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Leaving with Oprah

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Leaving with Oprah

I am a 36-year old woman with “leaving issues” (read: abandonment trauma from a military childhood filled with too many goodbyes), and the “Farewell Season” of the Oprah Winfrey Show is kicking my butt. Yes, I’m serious (and if you don’t want to hear about it because you can’t relate, move along… click on something else, because I don’t need any attitude from you in the comments.)

Saying goodbye used to be a slip-out-in-the-night kind of thing for me, a survival technique from long ago.

Leaving hurt. So…I pretended it wasn’t happening. When I was in elementary school, I would pick fights with my friends before moving out of state, sometimes even out of the country, without telling anyone. It was a lonely road to travel – no going away celebrations, no letter exchanges with old friends, no history.

That failed attempt to save me from many painful goodbyes left what I like to call “a big black hole of emptiness” inside me. Then, without any concern for the little girl who refused to honor the leaving with ceremony, Change came for me. The endings of places, relationships, familiarity, comfort, and even puppy love… happened anyway. Then, something new replaced them. Change cares not for an unwilling heart.

Anyway, so don’t laugh… or at least brace yourself so you won’t fall down from the laughing – my leaving issues are totally being triggered by the end of the Oprah Winfrey Show. It’s been 25 years. Do the math. I grew up watching that show. I became a woman, and learned what in the hell it meant to be a woman, watching that show. I’ve been inspired, empowered, and educated by Oprah. And because I’ve gained and lost what feels like a thousand pounds with her and her viewers over the years, I straight up sobbed yesterday watching the episode celebrating people who’ve lost more than 100 pounds.

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Christy Diane Farr

Christy Diane Farr is a catalyst. If that sounds like something you want more of in your life, visit 'The Greenhouse' at and join the Wildflower Evolution on Facebook.


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6:13PM PDT on May 26, 2011

oprah has more family than she'll ever know

1:31AM PDT on May 25, 2011

@Patricia G., I am unsure where that line is for everyone but for me it is here:

Fear is the thing that makes pain so awful. It's not the broken heart that's unbearable, but the fear that I might never love again. If I can let go of the fear and just grieve the broken heart, I will someday feel free to love again. It's not the extra weight that is unbearable, but the fear that I might never be "in control" of my health again. If I can let go of the fear and simple feel the sadness (or whatever the true emotion(s) are), then I will be free from them and able to move on.

For me, there has NEVER been a today pain that was so profound, so heavy, so life-restricting as as the original trauma. I have leaving pain from childhood. If I run, I revisit it and carry it over and over. If I just go there, leaning into this today experience which is allowing me to release old pain, and feel what there is bottled up inside of me, it always, always, always frees me from the pain... and being free from the pain, from the past, from that which is already behind us, is nothing to be afraid of.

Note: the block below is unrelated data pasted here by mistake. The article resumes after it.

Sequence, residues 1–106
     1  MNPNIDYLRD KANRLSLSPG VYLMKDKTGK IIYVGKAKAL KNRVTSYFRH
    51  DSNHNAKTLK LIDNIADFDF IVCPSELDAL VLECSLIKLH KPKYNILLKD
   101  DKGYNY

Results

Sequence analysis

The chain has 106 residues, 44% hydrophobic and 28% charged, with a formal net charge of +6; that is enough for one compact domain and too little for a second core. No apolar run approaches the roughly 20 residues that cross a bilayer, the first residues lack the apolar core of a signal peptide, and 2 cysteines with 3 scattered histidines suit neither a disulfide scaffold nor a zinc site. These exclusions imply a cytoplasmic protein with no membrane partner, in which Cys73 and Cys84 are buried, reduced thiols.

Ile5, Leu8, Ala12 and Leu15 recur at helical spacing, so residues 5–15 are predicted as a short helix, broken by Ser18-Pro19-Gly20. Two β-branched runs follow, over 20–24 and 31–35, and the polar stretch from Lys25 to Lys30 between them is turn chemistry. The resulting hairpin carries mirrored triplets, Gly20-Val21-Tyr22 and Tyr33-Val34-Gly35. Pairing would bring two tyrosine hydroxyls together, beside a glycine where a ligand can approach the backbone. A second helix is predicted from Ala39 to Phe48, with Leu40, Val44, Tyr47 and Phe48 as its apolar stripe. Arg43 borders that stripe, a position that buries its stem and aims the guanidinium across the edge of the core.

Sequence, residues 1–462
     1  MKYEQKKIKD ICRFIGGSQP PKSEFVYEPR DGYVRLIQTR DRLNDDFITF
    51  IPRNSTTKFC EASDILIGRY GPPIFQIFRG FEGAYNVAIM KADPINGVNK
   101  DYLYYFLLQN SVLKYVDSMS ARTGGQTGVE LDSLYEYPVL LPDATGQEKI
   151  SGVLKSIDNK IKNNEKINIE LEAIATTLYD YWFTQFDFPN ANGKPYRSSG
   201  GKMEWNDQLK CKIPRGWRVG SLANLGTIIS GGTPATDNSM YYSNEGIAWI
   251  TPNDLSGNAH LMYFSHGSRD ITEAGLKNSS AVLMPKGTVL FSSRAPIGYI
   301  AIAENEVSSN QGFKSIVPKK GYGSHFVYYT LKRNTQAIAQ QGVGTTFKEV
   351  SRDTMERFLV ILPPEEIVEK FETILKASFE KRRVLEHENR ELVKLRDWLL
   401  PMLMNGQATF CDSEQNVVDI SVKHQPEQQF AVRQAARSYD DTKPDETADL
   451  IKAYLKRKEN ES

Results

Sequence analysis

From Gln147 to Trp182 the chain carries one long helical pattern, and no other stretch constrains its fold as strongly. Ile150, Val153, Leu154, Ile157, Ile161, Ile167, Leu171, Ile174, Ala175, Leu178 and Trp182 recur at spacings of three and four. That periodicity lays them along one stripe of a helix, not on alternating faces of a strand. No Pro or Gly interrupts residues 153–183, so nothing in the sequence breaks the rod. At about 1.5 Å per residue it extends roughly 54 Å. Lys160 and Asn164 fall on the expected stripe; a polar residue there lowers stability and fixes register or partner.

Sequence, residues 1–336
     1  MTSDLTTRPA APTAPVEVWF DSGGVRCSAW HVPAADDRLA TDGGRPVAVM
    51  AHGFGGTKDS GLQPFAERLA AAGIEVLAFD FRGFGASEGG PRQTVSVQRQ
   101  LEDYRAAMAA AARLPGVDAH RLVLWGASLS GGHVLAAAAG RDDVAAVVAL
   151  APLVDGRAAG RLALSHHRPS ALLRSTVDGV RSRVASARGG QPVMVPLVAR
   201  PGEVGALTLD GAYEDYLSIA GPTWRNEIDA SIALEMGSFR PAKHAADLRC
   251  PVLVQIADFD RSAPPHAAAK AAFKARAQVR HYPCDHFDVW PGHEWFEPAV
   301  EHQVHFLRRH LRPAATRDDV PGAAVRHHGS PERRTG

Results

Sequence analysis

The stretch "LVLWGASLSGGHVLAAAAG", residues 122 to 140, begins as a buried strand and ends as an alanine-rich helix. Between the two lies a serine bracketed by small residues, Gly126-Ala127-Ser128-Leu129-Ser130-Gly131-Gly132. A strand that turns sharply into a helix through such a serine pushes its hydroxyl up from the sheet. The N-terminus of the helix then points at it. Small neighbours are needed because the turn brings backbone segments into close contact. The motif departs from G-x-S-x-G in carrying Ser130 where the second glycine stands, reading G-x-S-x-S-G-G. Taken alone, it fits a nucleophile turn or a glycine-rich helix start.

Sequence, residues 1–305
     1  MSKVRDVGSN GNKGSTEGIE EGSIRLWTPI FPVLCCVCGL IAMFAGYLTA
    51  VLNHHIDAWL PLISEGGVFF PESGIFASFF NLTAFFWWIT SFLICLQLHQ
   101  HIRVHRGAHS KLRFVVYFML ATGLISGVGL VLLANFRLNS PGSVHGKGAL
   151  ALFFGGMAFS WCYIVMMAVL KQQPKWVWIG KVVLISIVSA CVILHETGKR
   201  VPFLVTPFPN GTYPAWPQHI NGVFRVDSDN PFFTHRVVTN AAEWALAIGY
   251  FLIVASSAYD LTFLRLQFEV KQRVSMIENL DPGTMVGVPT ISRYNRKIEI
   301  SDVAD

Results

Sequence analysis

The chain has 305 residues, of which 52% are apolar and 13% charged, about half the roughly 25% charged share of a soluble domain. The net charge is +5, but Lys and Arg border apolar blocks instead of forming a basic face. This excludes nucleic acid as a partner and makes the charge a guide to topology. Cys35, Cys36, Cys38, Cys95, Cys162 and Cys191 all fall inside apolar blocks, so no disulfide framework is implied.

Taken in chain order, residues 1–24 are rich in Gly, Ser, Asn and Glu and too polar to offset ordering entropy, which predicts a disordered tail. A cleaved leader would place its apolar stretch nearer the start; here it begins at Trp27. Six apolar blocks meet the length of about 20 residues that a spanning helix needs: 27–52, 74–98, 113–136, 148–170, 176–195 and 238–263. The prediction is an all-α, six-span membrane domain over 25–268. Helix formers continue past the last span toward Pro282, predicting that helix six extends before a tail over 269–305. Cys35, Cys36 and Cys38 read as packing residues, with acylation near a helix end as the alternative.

I'd love to hear your thoughts on this...

1:02PM PDT on May 24, 2011

How do we get to the point where we are not afraid of the pain?

5:40AM PDT on May 24, 2011

Sweet Christy... I totally relate to this. Much love and happiness to you. Be safe and happy.

8:17AM PDT on May 23, 2011

Quoting from your first lines: "and if you don’t want to hear about it because you can’t relate, move along… click on something else, because I don’t need any attitude from you in the comments" ...
This is a blog open to everyone and everyone should feel free to express their own opinion, with decency of course because I believed this is a community of mature people and writers. Now I am not sure anymore. I am sorry about your leaving issues but this is a little bit too infantile and in my opinion it spoiled the rest of your writing.

4:07PM PDT on May 19, 2011

Thank you, Anja... I did it and am waiting to see if the comment is "approved". Thank you for the suggestion. I would love for her to know how she touched my life.

4:54AM PDT on May 19, 2011

Dear Christy, I was so touched by your story. This was the idea that came to me after reading your story: why don't you send this article to Oprah herself? She would love to read it. (And maybe she will answere you back). Did you know that on her site there is an option for this? Go to: and on her first (home) page when you scroll down a bit, there is the option: "Leave Oprah a message: what has Oprah and her show meant to you? Submit a farewell video or write a farewell message in this guest book. Send Oprah your best wishes." So Oprah would love to hear it. I think saying goodbye in a good way is important in life. It helps to let go with love. I will write Oprah a message, I loved her shows all these years, and I am going to miss her.
So it's just an idea. Wanted to tell you. Take care, greetings, Anja.

1:04AM PDT on May 15, 2011

This article helped me understand issues in my own life.

8:04PM PDT on May 14, 2011

Christy, as an armed services brat myself it was very interesting to read your article. It gave me an insight into my past and current behaviour and patterns.

1:40PM PDT on May 14, 2011

Yes, to be not afraid of the pain does leave more room to BE with the people, animals and situations that you love... My experiences with my companion animals dying have tought me that. When I stopped shielding myself from the pain the terrible loneliness ended too.

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